Wednesday, January 11, 2012

"Branching Out........."

I'm branching out a bit with my weaving. I'd woven with cloth strips (from now on I'll be calling them rags), but I hadn't realized there was a better way to get them ready until I took the double weaving class from Juanita, at Vavning Weaving Studio (, last November. I'd used scissors to cut them, which took quite a bit of time and let's face it, I wasn't too cautious that I cut them nice and straight. Not only that, but using scissors becomes uncomfortable after a bit, too. :(

During my class, which was one on one with Juanita, her husband Norm spent his time cutting rags and getting them ready for weaving. He was using a "rag cutter", which is what I ordered last Friday, and it arrived on Monday afternoon. I ordered a Fraser Rag Cutter from Great Northern Weaving Supply (, which is located just north of Kalamazoo, MI (where I attended college). They have always had wonderful customer service and orders arrive within a few days of placing them. I have always called them because I've had questions, and they are very knowledgable and super friendly.

Here is a photo of my collapsible "work station". I am very fortunate to have Rob living next door. I had the idea as to how I wanted to set up my cutter, but I didn't have a board wide enough for it's secure attachment. Rob came to the rescue! He has a number of "finished" pieces of oak trim, extras from his front room, that had actually been milled from a tree taken down from his backyard. Not only did he donate a piece of wood to my work station, but it also has true ""local" history, too. ;)

Cutting the rags is just one part of the process.....the fastest one actually. After cutting them, they are folded in half so the prints are showing on both sides. This is another thing I learned while at my class. My final project, woven after my sampler, was a woven bag, using processed rags of Juanita's. They were so nicely done that I'd thought they had been ironed, but they'd only been carefully folded and wound into a ball! The tension created by winding actually "pressed" the rag.

I spent my day yesterday cutting and winding rags. Obviously I took breaks and such, but basically I was working with the process on and off all day. This is all I finished......seems a pitifully small amount doesn't it? I'm going to weave a rag rug on the warp that I have leftover from weaving the Pendleton Wool Blanket Selvages. I had planned on using all of it for the selvages, but there wasn't enough of the 4th selvage for a 3' wide rug with a decent length. Not having woven a rug using properly processed rags, I'm not exactly sure how much I need for at least a 3' x 4' rug, possibly longer. Because of that, I am cutting up all 5 of the coils I have, weighing them, and then will re-weigh what is left over,so I will have a better idea as to what I need from now on. There are so many facets of weaving and this "old dog" continues to learn. ;) My thanks again to Rob for making my "Fraser Rag Cutter Work Station" a success!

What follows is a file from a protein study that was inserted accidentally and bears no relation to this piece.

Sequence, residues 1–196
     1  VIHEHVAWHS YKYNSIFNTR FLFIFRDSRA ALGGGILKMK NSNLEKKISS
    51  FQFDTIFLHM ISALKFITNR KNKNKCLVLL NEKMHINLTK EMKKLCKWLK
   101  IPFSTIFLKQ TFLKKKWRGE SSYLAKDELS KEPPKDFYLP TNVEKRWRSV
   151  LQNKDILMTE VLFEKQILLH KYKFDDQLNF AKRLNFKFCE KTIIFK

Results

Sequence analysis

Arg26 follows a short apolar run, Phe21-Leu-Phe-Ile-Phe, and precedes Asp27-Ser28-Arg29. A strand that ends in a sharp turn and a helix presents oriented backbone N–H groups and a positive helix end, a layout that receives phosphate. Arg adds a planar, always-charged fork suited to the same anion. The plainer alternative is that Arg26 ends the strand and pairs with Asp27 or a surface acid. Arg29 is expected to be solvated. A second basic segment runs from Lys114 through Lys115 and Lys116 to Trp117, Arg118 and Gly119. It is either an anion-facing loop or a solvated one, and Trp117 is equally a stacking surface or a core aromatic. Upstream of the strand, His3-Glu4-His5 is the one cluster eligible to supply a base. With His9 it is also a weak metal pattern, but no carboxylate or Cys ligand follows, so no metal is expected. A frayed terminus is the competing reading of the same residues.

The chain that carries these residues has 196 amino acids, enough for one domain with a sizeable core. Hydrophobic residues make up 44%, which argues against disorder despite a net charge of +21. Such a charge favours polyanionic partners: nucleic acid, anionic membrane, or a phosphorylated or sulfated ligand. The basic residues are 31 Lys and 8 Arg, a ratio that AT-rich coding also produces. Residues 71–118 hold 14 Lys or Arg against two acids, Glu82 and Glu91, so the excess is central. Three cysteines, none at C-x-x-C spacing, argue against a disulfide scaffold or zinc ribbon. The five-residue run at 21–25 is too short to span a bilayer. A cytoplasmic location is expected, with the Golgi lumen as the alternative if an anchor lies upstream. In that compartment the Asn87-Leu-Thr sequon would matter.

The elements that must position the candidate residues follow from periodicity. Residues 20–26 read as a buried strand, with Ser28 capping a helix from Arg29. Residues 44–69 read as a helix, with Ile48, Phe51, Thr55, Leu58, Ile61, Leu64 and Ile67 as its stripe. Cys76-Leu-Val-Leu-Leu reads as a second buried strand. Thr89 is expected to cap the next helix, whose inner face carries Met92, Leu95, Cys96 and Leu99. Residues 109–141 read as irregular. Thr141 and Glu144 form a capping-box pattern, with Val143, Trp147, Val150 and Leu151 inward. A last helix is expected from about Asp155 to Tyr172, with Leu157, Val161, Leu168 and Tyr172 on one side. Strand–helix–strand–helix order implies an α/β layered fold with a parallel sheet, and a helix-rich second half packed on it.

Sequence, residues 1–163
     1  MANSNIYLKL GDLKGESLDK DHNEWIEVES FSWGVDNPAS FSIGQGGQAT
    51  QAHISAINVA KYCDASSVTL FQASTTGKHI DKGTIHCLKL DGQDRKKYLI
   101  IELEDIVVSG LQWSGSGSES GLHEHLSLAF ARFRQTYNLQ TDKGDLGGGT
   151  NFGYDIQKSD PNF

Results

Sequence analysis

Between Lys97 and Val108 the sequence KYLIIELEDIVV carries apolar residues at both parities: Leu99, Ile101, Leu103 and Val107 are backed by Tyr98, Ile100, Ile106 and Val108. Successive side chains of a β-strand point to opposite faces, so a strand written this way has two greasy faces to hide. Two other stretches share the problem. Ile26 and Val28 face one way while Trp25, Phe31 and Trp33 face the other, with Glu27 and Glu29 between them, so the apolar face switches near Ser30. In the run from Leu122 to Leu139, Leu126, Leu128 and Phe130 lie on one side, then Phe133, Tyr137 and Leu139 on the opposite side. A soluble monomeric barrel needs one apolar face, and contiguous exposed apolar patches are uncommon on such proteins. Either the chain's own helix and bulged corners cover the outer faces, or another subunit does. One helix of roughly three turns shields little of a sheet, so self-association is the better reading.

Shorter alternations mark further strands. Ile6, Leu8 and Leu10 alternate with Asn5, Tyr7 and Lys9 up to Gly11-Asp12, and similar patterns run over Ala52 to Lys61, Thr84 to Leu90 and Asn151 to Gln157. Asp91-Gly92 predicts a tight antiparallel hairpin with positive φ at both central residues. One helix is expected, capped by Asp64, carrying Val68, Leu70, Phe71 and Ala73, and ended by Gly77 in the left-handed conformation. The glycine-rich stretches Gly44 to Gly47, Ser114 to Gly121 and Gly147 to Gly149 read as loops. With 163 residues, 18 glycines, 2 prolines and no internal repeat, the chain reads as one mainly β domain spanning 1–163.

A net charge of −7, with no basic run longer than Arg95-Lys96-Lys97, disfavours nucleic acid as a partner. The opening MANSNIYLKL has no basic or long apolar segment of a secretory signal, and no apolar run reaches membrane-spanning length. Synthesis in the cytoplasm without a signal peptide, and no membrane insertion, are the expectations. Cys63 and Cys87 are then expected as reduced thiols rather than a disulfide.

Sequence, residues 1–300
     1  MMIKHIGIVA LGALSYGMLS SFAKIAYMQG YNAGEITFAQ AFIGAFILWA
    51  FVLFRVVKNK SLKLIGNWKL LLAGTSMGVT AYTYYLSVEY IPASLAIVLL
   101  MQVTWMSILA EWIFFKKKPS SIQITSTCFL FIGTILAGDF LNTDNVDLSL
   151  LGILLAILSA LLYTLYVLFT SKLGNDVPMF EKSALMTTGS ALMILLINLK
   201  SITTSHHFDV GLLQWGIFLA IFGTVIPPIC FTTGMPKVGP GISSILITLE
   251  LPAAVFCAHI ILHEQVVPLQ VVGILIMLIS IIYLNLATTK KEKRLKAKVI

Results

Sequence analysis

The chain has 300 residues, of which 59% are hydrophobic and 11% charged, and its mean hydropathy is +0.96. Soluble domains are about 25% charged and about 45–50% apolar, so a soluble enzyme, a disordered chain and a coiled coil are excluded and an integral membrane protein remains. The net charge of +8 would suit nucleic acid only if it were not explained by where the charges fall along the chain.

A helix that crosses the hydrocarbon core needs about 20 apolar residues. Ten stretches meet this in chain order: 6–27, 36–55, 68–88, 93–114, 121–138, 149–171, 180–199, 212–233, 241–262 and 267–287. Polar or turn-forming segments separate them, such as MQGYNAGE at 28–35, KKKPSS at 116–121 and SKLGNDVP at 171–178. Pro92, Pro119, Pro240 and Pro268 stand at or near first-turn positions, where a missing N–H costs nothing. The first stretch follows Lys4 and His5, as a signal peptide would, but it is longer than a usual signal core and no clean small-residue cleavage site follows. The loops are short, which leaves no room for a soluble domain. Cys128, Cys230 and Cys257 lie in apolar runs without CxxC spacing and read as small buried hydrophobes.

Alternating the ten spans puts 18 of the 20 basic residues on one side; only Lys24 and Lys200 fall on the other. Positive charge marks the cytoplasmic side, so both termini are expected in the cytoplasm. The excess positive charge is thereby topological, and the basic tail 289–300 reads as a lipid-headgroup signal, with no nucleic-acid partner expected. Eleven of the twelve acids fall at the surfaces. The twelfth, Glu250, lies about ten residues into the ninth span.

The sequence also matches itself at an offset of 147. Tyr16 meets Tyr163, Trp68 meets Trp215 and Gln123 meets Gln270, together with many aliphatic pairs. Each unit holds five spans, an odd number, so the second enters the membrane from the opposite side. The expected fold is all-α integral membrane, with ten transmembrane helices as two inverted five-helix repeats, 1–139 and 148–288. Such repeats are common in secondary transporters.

Barb said...

DO you have a notebook where you keep all your notes, or do you keep them electronically? Also, given that there is a cutter to speed the process of cutting the rags, I be there's a machine for folding and winding! I could really get into this particular kind of weaving because of the potential to make things from stuff that would otherwise be landfilled. I wonder about worn out clothing, etc. Oh, and I've been thinking for awhile to try crocheting with rags using a huge crochet hook. Could be good for aging hands.

KarenInTheWoods and Steveio said...

Oh I love your little workstation!

There is a little folding device called a "Braid Aid" available in different sizes for widths of rags.

I used them a few times and wound perfect rag balls which would press the rags into a folded bias tape fabric. They make very neat placemats (won a first prize with the mats in a state cultural contest) .. but it's a lot of intensive work for a rug, just my humble opinion!

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dc said...

I about cracked up looking at all your precision in preparing the "rags" I am sure you will end up with quality work. Maybe I need to take a lesson here, as I let the rags turn and twist and it makes interesting textures and colors. In the past I have done randon rag balls with recycled fabric, I would pick colors I liked and sew strips together, then trim and wind into balls. I am now making rag balls of just one color so I can make rugs with alternating colors. You can see the random colors in my blog I did today. Anxious to see how your rag rug turns out.

Molly Bee said...

Very Cool!!!!!